ERIC Number: ED404931
Record Type: RIE
Publication Date: 1995-Apr
Reference Count: N/A
Study of Communications Technology in Higher Education, 1994. Final Report [and] Executive Summary.
Russell, Susan H.; And Others
The 1994 Study of Communications Technology in Higher Education was a nation-wide survey of colleges and universities about instructional uses of microcomputers and audiovisual and multimedia technologies. Eight questionnaires were developed: six for institutional-level spokespersons at 1,000 randomly selected institutions in the United States; one for 2,000 faculty in a random subset of 100 institutions; and one for 1,005 full- and part-time college and university students. The survey found pervasive use of computers in higher education. A sizable percentage of schools offered distance education programs but the percentage of faculty who taught these courses and overall student enrollment in distance education was low. Cable appeared to be used more than public television as the dominant telecourse medium. Slightly over half of faculty used video instructional materials in a class during the academic term, about a third used audio instructional materials, and about one seventh used multimedia materials. Almost all teacher education programs offered training in instructional uses of computers. Respondents had very positive views about the benefits derived from computers and other instructional technologies. Networking was seen as the area of least perceived accomplishments. Insufficient funds was the most significant barrier to increased use of technologies. The eight surveys are appended. (JLS)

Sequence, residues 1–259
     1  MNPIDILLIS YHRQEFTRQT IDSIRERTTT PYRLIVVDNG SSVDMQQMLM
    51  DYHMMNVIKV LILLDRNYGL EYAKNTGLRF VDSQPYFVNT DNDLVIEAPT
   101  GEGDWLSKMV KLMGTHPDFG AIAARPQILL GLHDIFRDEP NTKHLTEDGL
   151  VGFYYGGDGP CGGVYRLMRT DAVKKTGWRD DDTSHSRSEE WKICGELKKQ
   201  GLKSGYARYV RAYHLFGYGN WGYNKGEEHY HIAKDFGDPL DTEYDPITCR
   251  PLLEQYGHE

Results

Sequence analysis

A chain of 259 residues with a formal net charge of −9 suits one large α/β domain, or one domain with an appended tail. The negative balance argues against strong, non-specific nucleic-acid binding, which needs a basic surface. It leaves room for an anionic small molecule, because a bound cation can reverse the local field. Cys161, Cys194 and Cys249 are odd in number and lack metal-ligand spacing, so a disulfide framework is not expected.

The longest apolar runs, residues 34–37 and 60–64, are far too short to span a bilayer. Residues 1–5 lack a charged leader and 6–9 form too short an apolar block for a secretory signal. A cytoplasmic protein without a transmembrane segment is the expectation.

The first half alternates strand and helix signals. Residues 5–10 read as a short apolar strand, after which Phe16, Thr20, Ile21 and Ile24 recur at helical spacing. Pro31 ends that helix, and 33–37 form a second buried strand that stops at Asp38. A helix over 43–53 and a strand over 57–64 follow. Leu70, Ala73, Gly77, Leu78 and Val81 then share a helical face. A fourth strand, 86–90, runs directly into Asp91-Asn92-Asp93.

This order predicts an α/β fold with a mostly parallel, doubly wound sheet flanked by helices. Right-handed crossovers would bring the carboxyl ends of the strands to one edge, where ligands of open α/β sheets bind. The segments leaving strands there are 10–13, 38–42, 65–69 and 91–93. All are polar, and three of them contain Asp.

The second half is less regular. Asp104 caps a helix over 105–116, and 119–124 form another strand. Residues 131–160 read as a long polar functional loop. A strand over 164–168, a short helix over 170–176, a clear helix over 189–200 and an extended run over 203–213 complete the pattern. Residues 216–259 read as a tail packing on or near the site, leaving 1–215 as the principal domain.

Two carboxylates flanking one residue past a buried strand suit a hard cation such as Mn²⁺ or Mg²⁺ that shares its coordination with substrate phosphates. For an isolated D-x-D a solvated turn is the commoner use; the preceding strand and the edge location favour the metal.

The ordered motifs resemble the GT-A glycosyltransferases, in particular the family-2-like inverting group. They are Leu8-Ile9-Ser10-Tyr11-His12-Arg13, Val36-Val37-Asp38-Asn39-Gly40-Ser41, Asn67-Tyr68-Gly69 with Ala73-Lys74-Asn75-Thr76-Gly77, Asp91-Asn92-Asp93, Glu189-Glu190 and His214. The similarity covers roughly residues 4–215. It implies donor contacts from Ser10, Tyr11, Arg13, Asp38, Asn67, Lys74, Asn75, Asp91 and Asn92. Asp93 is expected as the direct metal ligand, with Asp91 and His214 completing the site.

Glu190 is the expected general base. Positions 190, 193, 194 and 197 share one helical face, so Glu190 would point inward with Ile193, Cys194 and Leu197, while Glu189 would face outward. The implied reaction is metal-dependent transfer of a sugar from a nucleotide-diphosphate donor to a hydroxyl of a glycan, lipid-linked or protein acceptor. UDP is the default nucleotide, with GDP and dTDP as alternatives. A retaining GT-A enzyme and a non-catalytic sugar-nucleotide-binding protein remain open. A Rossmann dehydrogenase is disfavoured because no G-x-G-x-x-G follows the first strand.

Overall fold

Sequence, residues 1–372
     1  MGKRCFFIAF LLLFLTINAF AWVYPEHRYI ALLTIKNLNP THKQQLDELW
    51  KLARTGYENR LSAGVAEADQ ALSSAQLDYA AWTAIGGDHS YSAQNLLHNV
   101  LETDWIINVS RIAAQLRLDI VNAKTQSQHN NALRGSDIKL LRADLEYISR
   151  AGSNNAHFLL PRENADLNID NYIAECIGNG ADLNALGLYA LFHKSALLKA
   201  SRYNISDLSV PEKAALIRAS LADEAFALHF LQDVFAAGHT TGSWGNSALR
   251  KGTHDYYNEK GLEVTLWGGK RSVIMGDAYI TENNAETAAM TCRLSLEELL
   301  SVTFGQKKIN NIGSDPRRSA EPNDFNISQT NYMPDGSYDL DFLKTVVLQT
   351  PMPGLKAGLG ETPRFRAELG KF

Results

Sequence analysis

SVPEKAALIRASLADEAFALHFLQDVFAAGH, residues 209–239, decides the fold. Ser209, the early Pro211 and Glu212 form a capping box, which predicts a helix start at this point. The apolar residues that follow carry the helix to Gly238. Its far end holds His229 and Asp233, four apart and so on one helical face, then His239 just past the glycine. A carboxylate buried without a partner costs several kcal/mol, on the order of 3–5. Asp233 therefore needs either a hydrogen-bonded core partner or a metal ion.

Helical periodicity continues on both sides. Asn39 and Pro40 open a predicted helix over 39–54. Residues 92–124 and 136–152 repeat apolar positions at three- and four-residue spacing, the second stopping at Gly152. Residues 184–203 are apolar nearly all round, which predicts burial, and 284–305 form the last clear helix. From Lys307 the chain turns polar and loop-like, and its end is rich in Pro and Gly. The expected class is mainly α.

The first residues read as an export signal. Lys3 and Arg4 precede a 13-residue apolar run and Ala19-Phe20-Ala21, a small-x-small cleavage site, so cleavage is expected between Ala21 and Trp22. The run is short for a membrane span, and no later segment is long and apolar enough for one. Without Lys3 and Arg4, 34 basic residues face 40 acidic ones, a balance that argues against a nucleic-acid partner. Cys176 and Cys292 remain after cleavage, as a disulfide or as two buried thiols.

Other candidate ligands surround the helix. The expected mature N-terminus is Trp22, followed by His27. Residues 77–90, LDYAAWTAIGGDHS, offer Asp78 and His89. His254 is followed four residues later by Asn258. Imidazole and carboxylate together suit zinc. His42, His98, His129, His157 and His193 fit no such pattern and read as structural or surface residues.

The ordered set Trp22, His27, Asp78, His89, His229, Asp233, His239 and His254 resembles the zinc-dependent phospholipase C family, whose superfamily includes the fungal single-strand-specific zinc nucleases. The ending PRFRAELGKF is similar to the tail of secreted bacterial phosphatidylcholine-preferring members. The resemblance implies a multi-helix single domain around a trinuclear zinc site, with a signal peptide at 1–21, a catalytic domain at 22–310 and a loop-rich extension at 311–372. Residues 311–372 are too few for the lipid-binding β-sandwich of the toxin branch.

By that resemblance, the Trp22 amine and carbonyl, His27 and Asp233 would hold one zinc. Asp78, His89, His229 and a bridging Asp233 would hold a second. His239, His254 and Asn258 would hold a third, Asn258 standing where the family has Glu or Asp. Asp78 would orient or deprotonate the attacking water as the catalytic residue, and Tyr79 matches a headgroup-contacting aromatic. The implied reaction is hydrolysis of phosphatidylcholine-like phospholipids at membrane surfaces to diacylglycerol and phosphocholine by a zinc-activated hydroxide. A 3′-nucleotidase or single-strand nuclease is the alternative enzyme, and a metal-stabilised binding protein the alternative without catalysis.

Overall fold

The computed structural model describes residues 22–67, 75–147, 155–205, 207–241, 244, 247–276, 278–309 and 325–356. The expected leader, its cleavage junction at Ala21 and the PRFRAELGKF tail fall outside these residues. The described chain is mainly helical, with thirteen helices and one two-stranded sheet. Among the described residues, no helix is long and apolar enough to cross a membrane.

Descriptors: Computer Assisted Instruction, Computer Uses in Education, Delivery Systems, Distance Education, Educational Administration, Educational Planning, Educational Technology, Educational Television, Higher Education, Information Technology, Microcomputers, National Surveys, Teacher Education, Use Studies
Publication Type: Reports - Research
Education Level: N/A
Sponsor: Corporation for Public Broadcasting, Washington, DC.
Authoring Institution: SRI International, Menlo Park, CA.